DeepMind is a subsidiary of Alphabet. This company gained notoriety in 2016 when the AlphaGo artificial intelligence system it developed, which teaches self-taught millions of virtual games, reached a level of skill in the Chinese game of go that the world champion in that game could not seriously resist. In 2018, AlphaZero’s more advanced artificial intelligence system achieved similar results simultaneously in three types of logic games: go, chess, and Japanese chogi-shogi. And now DeepMind presents its next creation, the MuZero system, which doesn’t even require a basic knowledge of the rules of the game to learn and acquire skills in any game.
Learning the MuZero system begins with the system taking the first step (or steps) and exploring the possibilities that the rules of the game allow. However, the system analyzes the “bonuses” provided by the game for the correct action, in the case of the game “Pac-Man” it is the yellow points spent, and in the case of chess it is the decisive approach of the winner. The system then begins to develop its abilities, constantly attacking the enemy and trying to get more bonuses.
The simultaneous learning of the rules and increasing the level of play allows the MuZero system to show a huge advantage in efficiency and “economy” of data usage over previous versions of the system. However, there is a disadvantage in this, as the MuZero system requires quite large computational resources for full training. However, once trained, the system requires a small amount of computing resources capable of making the right decisions quickly, even with very limited hardware, and not with the most powerful smartphones in existence.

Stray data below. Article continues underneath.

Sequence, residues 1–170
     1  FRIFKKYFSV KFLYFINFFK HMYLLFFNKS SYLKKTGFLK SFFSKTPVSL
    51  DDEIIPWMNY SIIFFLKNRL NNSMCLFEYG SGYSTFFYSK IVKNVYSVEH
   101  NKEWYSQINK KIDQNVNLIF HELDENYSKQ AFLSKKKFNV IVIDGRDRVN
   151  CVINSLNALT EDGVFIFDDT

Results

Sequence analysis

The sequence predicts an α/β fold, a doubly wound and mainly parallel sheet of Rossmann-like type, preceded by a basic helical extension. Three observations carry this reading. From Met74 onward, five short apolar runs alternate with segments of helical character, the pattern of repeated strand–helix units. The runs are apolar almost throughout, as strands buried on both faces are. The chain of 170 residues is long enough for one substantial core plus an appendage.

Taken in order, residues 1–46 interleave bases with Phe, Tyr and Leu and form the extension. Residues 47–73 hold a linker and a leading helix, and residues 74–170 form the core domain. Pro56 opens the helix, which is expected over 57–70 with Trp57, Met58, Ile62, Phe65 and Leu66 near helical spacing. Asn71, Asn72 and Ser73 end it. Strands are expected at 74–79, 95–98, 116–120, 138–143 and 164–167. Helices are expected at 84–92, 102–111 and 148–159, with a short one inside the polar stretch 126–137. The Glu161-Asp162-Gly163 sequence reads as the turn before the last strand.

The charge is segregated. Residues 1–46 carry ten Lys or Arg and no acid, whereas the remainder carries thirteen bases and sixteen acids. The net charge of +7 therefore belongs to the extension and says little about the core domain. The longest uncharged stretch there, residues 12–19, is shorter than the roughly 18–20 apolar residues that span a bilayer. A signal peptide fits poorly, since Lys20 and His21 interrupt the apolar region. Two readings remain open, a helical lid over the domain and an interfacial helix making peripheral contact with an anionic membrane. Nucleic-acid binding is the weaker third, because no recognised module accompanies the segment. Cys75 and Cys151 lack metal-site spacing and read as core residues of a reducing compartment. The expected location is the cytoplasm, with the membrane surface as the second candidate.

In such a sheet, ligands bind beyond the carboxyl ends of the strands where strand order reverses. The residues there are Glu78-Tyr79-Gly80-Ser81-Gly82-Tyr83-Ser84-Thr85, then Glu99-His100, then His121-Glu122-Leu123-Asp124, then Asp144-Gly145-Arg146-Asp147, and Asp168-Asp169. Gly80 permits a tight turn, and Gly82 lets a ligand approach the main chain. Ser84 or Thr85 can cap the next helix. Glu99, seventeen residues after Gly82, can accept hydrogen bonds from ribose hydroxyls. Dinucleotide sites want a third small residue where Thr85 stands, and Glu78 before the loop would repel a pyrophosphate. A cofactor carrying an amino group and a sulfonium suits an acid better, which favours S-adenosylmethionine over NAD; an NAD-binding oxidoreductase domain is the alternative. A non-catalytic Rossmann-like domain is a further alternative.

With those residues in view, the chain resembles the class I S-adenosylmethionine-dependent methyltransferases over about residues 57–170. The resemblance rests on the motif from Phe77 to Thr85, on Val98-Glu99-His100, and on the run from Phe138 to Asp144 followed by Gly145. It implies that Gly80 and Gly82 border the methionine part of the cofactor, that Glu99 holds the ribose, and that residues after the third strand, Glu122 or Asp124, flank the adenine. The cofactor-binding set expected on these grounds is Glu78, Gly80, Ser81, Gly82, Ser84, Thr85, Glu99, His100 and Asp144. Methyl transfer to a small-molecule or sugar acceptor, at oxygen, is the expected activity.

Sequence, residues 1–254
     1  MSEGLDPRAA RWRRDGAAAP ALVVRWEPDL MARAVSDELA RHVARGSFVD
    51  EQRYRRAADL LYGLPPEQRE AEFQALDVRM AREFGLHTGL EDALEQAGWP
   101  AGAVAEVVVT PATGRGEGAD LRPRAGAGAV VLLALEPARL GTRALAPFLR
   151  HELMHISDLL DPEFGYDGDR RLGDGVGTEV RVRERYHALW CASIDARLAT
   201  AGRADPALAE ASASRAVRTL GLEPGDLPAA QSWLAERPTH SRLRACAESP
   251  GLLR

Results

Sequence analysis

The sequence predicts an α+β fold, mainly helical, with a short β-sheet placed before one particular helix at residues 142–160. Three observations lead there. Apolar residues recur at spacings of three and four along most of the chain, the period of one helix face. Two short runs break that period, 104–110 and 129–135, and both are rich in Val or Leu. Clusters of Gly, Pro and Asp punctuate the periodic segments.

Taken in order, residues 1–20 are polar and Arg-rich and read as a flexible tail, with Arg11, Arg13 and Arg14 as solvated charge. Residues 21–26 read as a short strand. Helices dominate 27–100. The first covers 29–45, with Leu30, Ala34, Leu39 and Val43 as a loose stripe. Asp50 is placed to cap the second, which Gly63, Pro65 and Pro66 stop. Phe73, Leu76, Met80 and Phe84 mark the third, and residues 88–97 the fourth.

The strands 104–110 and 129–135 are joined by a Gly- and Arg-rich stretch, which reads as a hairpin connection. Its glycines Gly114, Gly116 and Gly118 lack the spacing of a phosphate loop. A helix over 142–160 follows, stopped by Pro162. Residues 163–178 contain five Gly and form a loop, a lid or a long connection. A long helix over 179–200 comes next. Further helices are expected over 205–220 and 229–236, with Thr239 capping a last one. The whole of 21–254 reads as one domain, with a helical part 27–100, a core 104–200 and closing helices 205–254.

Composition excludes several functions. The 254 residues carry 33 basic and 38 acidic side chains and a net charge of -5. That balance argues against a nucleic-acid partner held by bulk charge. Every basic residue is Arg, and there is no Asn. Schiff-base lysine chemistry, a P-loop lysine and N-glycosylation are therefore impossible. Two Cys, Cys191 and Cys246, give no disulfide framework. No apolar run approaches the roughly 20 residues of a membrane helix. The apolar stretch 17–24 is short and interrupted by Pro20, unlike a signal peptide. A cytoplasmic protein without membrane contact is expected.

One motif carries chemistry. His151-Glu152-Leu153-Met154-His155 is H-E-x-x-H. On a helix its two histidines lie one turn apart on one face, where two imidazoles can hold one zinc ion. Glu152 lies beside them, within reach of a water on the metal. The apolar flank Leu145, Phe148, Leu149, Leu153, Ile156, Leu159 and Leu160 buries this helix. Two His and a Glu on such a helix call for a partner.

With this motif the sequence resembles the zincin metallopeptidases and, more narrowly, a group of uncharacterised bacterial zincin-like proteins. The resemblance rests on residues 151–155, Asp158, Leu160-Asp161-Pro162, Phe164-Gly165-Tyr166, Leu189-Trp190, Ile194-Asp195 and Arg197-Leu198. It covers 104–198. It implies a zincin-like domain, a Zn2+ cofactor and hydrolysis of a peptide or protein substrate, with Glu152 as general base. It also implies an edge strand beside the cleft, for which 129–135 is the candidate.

The self-learning method implemented is already close enough to DeepMind’s main goal – to create an artificial intelligence system capable of self-learning, just like small children. Moreover, this learning method is ideal for teaching artificial intelligence in an environment where the end goal or task as a whole cannot be described accurately and clearly enough. And most of the problems that artificial intelligence must solve in the real world in the future belong to this class.
In parallel with learning games, DeepMind professionals have begun their first attempts to use artificial intelligence for practical purposes. “We are now studying MuZero’s performance in video compression and other areas that, for many reasons, could not be used with previous generations of systems such as AlphaZero,” said Thomas Hubert, lead researcher.
Other practical applications for such versatile artificial intelligence systems include autonomous driving of robotic cars developed by another Alphabet subsidiary, Waymo, the biochemical field in which AlphaFold’s sister program has recently shown impressive results, and much more.